An initial trial in the Pilbara using the principles of Rangelands Self-Herding (RSH) has shown promising results.
At Yarrie Station near Marble Bar, manager Annabelle Coppin was keen to see if RSH principles could help evenly distribute grazing in a desired area on her property rather than an area near the river that was preferred by the cattle.
“We have a very big paddock with good grass in it and a water source, but the cattle don’t graze it as evenly as other areas,” Ms Coppin said.
“Our river is now entirely fenced off either side, which is excellent for management purposes, however, some country three kilometres from the banks is not utilised, even after we set watering points up out there and we have had difficulty getting cattle to walk out to this area,” she said.
Ms Coppin said in the past cattle had been trucked out there, held on the watering point and grazed out, but none stayed there longer than two days before heading back to the river.
When Dr Dean Revell and Bruce Manyard approached Yarrie Station, Ms Coppin outlined this issue and they explained their method of RSH.
The RSH project is supported by Rangelands NRM through funding from the Australia Government. It provides interested pastoralists with the opportunity to trial different strategies to work with grazing animal behaviour, their nutritional needs and preferences and the land to change grazing distribution.
“We didn’t do all they had recommended, but we did get a group of heifers accustomed to a supplement ‘ of molasses and phosphorus ‘ for a week in the yard so they knew what that was and they went through a weaner handling process,” Ms Coppin said.
We then put a GPS collar on one and trucked them out to the area, walking them in a clover-leaf pattern, out and back to the water, out and back to the water over a period of five hours.
During October 2014, the movement of the heifer with the tracking collar showed that the animals had chosen to stay around the ˜new’ water source and the supplement that was re-stocked weekly.
Ms Coppin said they stayed out there a good couple of months and were grazing really evenly and were very relaxed.
They chose to stay at the new water point, even though the river was just a few kilometres away, and to make use of the feed around that area with daily grazing circuits out and back from their ‘new home’, typically about 5-6 km loops.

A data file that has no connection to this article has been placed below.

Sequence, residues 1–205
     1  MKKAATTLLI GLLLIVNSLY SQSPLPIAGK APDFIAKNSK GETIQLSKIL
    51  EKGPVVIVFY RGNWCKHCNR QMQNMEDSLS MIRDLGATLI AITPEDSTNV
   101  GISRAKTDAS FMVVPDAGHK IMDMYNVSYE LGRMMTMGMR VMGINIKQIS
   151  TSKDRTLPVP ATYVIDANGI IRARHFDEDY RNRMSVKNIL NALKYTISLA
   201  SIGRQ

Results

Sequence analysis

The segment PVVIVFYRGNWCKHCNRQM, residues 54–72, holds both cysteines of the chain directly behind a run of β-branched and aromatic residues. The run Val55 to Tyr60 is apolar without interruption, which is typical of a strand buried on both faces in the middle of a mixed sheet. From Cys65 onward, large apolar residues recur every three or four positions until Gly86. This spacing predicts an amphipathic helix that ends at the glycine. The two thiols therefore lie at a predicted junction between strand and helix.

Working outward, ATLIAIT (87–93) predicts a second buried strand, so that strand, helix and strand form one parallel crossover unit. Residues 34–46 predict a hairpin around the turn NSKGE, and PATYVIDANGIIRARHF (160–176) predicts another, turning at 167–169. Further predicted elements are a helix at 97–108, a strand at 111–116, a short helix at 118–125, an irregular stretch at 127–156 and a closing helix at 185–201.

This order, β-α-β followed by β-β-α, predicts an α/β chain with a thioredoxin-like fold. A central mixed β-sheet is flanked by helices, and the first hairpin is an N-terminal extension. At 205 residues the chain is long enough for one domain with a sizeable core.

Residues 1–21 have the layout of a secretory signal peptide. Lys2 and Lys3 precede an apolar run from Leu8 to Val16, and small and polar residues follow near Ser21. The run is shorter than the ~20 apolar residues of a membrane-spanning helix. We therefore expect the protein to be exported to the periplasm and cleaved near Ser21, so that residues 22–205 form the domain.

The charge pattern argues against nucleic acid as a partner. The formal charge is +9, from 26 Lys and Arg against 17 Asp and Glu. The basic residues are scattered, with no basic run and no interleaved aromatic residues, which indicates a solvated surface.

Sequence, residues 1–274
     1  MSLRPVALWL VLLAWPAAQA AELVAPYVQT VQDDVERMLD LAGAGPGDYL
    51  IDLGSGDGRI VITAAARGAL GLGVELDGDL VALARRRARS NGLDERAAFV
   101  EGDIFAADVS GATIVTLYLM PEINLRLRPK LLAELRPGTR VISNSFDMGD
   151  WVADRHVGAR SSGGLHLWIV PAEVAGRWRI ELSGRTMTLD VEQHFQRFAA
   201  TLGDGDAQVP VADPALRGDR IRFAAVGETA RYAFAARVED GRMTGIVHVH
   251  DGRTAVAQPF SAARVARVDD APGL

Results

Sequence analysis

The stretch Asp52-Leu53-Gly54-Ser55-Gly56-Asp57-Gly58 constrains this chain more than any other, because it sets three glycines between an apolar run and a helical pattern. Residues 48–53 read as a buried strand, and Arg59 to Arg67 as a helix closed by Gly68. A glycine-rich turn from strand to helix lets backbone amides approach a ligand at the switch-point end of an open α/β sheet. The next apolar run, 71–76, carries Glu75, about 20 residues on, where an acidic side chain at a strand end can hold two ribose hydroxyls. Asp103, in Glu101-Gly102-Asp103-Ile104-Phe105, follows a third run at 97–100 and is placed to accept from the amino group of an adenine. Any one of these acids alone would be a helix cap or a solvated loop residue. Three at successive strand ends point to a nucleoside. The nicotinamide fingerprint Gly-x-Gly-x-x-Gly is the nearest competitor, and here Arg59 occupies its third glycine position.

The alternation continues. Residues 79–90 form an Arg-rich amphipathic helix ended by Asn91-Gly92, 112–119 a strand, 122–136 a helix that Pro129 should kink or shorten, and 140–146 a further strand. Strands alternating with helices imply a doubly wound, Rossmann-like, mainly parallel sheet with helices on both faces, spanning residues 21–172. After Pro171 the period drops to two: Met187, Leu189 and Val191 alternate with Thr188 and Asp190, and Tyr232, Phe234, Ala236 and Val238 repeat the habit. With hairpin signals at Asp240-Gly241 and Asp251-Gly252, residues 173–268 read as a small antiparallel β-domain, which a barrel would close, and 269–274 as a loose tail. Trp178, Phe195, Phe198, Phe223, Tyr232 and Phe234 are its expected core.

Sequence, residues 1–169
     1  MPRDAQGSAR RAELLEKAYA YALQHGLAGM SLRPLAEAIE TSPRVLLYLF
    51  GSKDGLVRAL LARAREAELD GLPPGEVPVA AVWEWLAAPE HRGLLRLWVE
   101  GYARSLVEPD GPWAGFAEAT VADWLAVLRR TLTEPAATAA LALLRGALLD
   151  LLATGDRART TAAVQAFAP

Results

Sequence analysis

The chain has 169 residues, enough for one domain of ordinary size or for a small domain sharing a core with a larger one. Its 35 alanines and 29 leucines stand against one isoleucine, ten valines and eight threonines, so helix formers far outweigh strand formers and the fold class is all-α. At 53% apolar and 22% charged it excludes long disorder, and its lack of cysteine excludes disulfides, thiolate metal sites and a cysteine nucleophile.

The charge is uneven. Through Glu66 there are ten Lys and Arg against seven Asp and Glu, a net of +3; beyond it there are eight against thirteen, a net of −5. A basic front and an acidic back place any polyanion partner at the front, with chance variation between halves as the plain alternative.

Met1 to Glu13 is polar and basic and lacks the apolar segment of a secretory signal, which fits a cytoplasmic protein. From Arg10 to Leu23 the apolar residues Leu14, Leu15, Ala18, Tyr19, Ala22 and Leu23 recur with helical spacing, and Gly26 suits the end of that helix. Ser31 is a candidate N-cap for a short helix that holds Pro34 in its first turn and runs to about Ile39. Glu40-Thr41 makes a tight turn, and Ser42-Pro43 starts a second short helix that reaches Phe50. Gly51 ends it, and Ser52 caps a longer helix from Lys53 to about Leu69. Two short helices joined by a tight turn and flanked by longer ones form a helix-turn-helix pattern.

“They were grazing more as a whole mob and I would say at least 70 per cent of the 100 stayed together and grazed. Then there were storms, and this behaviour stopped,” Ms Coppin said.
Ms Coppin was conscious that one trial may not scientifically prove that the principles work.
“I actually did it again the way we used to do it, to see if it was a fluke or not, and that didn’t work, the cattle ended back at the river with in a day [as per the diagram]. It takes a while to convince myself and I like to do things thoroughly,” she said.
From the results we got, I’m definitely looking into some more of the messages Bruce and Dean are offering since the principles involve just tweaking, not a radical change.
Just the little things from the results we have so far is enough to keep going and it really could make some big changes.
Ms Coppin said it’s very hard to change the instincts of animals when rain starts, so to convince them to stay after storms is a whole new ball game.
A couple of months out there is great, so I’m happy with that for now, the next step is to get them to stay for at least six months of the year.
More information about Rangelands Self-Herding can be found at www.rangelandswa.com.au
Image: Grazing patterns over about three weeks (at Yarrie Station) ‘ normal vs RSH